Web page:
In last week’s episode of This Is Us, after that horrible voice mail, I may have overreacted when I suggested that the show had completely assassinated the character of Randall. It was an egregiously awful voice mail and completely out of character for Randall, but who among us hasn’t done something completely out of character in the midst of an argument with a spouse or other long-time partner? Think back on your worst arguments, and ask yourself if you’ve ever said anything worse than, “I hope you’re off having fun talking about how to teach bored housewives how to twirl. Grow the hell up, Beth.” In our worst arguments, we’re not trying to score points or argue rationally, we’re trying to inflict the same hurt feelings that we feel. And that’s exactly what Randall did: He thought his wife had stood him up, and he wanted to make her feel like he felt in that moment. That was a real moment.
This week’s episode of This Is Us begins where the last one ended. “Damnit, Randall,” Beth says. “We have been having the same fight since we met.” And for whom among us is that not true? Put aside those first few fights that couples invariably have about petty jealousies and insecurities, and ask yourself if you’ve not also been having the same fight, over and over, for the length of your relationship? Those fights tend to revolve around our individual identities, and how they mesh together, and how we make space for each other while remaining true to ourselves. Most of the arguments we have are window dressing for that particular argument. Honestly, it’s a good fight to have every few years, just to re-establish those boundaries, reaffirm your individual identities, ask each other if the relationship is still sustainable, if compromises can be made, and ask each other if you can continue to be your own selves — the people you came into the relationship as — without sacrificing each other.
And that’s kind of what marriage is about: Bending to each other’s will, but not so much that the bend turns to a break. The problem with Randall and Beth’s marriage — as unearthed in a series of flashbacks going back to their very first date — is that it’s always been Beth who has done the bending, because the Pearson men are very convincing in their speeches, and often able to charm the women into bending to their will by hiding real problems behind big romantic gestures.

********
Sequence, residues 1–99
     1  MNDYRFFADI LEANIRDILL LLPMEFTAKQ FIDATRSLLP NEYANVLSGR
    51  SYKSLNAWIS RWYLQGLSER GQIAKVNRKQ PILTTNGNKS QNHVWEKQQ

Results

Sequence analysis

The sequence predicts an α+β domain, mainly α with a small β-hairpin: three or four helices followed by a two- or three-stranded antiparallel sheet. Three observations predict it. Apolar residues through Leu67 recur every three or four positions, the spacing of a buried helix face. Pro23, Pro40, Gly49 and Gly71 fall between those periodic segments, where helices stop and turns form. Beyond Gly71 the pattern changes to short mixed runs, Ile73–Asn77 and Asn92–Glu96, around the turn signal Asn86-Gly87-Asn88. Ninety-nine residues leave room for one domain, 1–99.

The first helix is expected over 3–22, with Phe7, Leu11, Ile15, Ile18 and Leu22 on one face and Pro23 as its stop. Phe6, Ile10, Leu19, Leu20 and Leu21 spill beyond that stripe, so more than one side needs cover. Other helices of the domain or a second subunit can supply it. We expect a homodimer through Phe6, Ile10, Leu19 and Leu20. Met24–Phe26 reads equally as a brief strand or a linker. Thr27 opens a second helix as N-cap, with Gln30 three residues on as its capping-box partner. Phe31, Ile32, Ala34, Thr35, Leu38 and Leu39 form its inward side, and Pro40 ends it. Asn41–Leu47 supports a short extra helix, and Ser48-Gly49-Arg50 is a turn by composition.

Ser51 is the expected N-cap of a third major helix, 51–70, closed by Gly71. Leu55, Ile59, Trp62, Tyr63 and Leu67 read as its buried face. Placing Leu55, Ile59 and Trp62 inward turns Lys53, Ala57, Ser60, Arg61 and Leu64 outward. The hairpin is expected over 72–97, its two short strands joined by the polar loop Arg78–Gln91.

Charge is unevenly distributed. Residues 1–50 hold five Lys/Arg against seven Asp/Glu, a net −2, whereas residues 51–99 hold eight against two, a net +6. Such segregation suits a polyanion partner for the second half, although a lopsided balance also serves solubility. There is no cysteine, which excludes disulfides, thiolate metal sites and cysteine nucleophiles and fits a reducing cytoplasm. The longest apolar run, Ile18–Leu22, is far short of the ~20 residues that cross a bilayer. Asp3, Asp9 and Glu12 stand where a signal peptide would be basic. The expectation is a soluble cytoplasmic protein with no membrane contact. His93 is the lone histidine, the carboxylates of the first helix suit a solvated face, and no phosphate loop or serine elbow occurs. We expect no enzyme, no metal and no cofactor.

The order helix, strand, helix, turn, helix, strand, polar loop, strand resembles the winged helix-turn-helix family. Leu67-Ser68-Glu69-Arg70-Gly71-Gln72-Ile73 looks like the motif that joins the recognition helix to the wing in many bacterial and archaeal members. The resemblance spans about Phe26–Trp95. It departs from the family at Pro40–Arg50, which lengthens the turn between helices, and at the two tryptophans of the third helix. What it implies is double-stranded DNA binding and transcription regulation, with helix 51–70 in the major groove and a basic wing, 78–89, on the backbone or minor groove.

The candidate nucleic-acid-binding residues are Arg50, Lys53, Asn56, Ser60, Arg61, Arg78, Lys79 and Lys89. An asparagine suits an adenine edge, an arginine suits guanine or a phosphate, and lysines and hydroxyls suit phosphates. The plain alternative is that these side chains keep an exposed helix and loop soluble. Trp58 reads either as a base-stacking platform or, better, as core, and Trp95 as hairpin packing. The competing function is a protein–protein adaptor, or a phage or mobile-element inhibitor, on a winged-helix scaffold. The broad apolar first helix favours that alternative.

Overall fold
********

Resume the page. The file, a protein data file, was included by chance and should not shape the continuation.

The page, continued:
Is it Randall’s fault that Beth has allowed his charm to subsume her life? I mean, yes and no. As we see time and again over the course of their relationship, Beth allows herself to get swept up in his charm, to ignore the longer-term issues in favor of short-term romantic gains. But that debt has finally come due. On the other hand, Randall should’ve recognized the issue. He should have remembered his wedding vows. Beth is being heard, but she’s not been “seen” in a long time, and it’s Randall’s responsibility to give his wife some space to be herself. She should not have to ask that from him. He should have been volunteering it.
But to be honest, I’m no longer worried about Beth and Randall. This is a fight that needed to be had. Ultimately, this fight will be good for their marriage. And we all know what’s going to happen in next week’s season finale: Randall is finally going to do the bending. He hasn’t been sworn in yet. He shouldn’t even be the city councilor for a city three hours away! Jae-won should be the city councilor. He did the hard work that Randall wrapped up with nice speeches. Jae-won knows the district. He lives in the district.
Randall’s gotta give it up for his wife’s flight of fancy (but seriously, no two people in any relationship should have had as many “flights of fancy” as these two have had), and I trust that Randall will appropriately let his wife’s career subsume him for a while. I mean, dude’s a great dad, and he just brought a third kid into their family. He shouldn’t be leaving his wife to take care of them while he drives three hours each way to make the lives of Philadelphians better; he needs to ensure first and foremost that the lives of his family are taken care of. He’s not a dumb man, and I trust that he will eventually recognize that.
TL;DR: It’s not enough for Randall to tell Beth how much he loves her anymore. He has to show her through his actions. He will. Kevin on the other hand? He and Zoe don’t make it to season four.
Header Image Source: NBC